The hidden areas of aircraft where the crew rests

Editor’s Note – Monthly Ticket is a CNN Travel series that focuses on some of the most fascinating topics in the travel world. In June, we take to the skies for a look at the latest developments in aircraft interiors, including the people who are working to change the way we fly.

(CNN) – There are some secret areas on widebody planes, where pilots and cabin crew rest during long flights. Passengers do not have access to them under any circumstances, and they are well hidden from view.

They are called Crew Rest Compartments and their location on the plane varies.

On newer aircraft, such as the Boeing 787 or Airbus A350, they are located above the main cabin, in the upper fuselage. But on older aircraft, they can also be in the trunk or simply in the main cabin.

They come in pairs: one for the pilots, who usually sit above the cockpit and often include two berths and a recliner seat, and another for the cabin crew, usually with six berths or more and located above the stern, the section at the rear of the aircraft where food and drink are prepared and stored.

Like a capsule hotel

Airlines have a say in the configuration of crew rest areas when purchasing an aircraft, but the main parameters are set by regulators such as the Federal Aviation Administration. It requires, for example, that the crew’s rest areas be “in a place where disturbing noise, odors and vibrations have a minimal effect on sleep,” and that they must be temperature controlled and allow the crew to adjust the lighting.

The bunks (“or other surface that allows a flat sleeping position”) must be 78 x 30 inches (198 x 76 centimeters) in size – tall people beware – and have at least 35 cubic feet, or one cubic meter, of space around them. There must also be a common area for change, entry and exit that provides at least 65 cubic feet of space.

The crew’s resting place on a Boeing 777 passenger aircraft.


The end result is a bit like a Japanese capsule hotel: a windowless, cramped but cozy sleeping area, with power outlets and lights – in addition to all the necessary safety equipment such as oxygen masks, seat belt lights and an intercom, among others.

“They can be quite comfortable,” said Susannah Carr, a United Airlines flight attendant who works on Boeing aircraft including the 787, 777 and 767.

“They have a padded mattress, an air vent to keep the air circulating and temperature controls so you can keep it cooler or warmer, and we are equipped with bedding, usually similar to those used in business class on our international flights. You like them – but I’m also only around 5 feet 8 inches, so if you put a 6 foot 4 inch person in there, they can be a little tight, “she says.

But are they better than a business seat or even a first class seat?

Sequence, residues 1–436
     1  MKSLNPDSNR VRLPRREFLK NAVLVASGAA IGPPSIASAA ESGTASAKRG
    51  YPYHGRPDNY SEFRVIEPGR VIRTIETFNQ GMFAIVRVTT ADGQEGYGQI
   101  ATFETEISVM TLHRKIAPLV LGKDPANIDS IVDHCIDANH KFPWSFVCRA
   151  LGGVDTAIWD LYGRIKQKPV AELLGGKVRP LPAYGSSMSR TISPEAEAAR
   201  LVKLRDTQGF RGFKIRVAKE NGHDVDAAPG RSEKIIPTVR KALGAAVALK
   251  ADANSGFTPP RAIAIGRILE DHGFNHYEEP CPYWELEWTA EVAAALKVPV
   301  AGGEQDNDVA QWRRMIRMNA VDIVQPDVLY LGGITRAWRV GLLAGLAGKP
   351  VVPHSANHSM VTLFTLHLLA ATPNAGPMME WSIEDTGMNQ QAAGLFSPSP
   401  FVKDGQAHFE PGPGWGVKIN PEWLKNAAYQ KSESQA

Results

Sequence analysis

“In some ways yes, in some ways no,” Carr says. “The berths can be wider than first class, and for me personally, depending on the plane, I get more legroom. But it is a berth, so you do not necessarily have full headroom to be in the cabin, and of course you do not have privacy either. “And if you’re claustrophobic, you can definitely feel that there – it’s a plane, so you only have so much room to put things.

Hidden away

The rest area for the pilots is near the cockpit.

The rest area for the pilots is near the cockpit.


The remaining seats for the crew are designed not to attract too much attention from passengers, regardless of where they are: “A passing passenger will probably think it is a locker,” says Carr.

“I do not want to go too far into how we access it – that’s for sure, I want to say it. Sometimes we have people who think it’s a bathroom door and they try to open it, but we just show them the way to the actual toilet instead. “.

Behind the door there is usually a small landing and a ladder leading up, at least on the latest planes.

The berths are either open at the side or at one end, so you can crawl in – sometimes I jokingly refer to them as the “catacombs,” says Carr.

On slightly older aircraft, such as the Airbus A330, the crew’s restroom can also be in the hold, so a staircase would lead down instead. But on even older aircraft such as the Boeing 767, the rest areas are located in the main cabin, and are only recliners with curtains around.

“They are very heavy curtains, they block light and a good amount of sound, but not if you have an energetic crowd on the plane or an upset child. We have had passengers who open the curtains, look for something or think they would go into the galley. , so it’s not necessarily the best rest. “

Not surprisingly, most flight attendants prefer the overhead berths over the curtain seats, but the upgrade is also beneficial for airlines, which do not have to give up precious cabin space that can be used for passenger seats instead.

Seniority order

A shared photo of a Finnair A350 resting place for cabin crew.  To the right is the entrance, which is accessible from the front galley.